Latin American studies is a dynamic, interdisciplinary area studies program focusing on Latin America and the Caribbean: their peoples, cultures, society, languages, literature, traditions, history, economy, and relations with other areas. Together with Hispanic studies, comparative American studies, and comparative literature, it is one of four academic programs available at Oberlin for students interested in studying the wider Spanish-speaking world.
Students majoring in Latin American studies explore the region from different disciplinary perspectives—from history to politics and literature to anthropology. In addition to Mexico, Central and South America, and the Caribbean, we encourage majors to incorporate coursework and other areas of Spanish colonization in North America. We also study the peoples of Latin American ancestry currently living in the United States.
Oberlin students graduating with a major in Latin American studies have chosen a wide range of career paths including teaching, bilingual education, social work, government or international organizations, business, journalism, and specialized nonprofit organizations. Coursework also prepares students for further graduate education in Latin American studies or its related disciplines.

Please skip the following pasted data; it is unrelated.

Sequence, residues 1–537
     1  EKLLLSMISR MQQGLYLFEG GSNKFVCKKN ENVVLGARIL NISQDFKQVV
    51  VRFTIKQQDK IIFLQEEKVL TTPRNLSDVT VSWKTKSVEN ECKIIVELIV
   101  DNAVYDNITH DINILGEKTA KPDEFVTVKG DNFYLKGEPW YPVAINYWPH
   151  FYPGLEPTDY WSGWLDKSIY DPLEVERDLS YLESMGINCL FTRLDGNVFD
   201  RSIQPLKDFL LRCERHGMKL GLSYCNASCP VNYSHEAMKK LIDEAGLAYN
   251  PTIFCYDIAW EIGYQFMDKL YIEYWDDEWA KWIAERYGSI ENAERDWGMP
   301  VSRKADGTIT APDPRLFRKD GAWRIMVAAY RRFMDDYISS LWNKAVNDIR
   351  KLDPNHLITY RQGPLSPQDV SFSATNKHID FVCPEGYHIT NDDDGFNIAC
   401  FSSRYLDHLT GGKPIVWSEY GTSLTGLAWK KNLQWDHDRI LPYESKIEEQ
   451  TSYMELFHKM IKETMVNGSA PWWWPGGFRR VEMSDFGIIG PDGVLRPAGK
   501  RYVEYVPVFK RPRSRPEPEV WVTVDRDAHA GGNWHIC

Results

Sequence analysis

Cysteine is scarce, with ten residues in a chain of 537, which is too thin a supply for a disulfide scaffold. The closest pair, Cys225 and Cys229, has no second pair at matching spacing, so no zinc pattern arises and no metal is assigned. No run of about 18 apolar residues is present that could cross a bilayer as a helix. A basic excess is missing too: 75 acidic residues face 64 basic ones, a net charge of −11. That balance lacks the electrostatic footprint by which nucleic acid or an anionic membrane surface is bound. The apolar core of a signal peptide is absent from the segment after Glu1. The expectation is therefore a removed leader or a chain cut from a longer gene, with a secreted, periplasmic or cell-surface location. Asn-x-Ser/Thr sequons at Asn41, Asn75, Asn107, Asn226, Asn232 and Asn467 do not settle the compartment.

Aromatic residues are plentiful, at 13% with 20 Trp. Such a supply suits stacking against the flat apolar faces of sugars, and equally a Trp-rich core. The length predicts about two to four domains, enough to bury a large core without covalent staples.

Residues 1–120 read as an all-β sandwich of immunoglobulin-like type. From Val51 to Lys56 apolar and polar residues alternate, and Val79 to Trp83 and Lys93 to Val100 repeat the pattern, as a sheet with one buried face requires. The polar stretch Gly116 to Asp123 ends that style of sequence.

Our academic program is interdisciplinary and supports students with a strong interest in Latin America, its peoples, cultures, history, language, and traditions. Latin American studies places a strong emphasis on Spanish-language competency, which we believe is essential for anyone who wishes to study Latin America and Spain, to understand and appreciate its culture, or to function effectively in a Spanish-speaking environment.
We do not offer a minor in the program.
You can enrich your coursework in several ways: study abroad, an honors program, or living in La Casa Hispánica, a Spanish-speaking residence hall on campus.
We urge all students to spend at least a semester abroad. Our study abroad programs will provide you with the opportunity to perfect your communication skills and further your knowledge of contemporary life and culture in Latin America. Majors should consider existing opportunities to study in Latin America and the Caribbean.
Oberlin’s Office of Study Away offers a full listing of opportunities open to students in all courses of study throughout the year.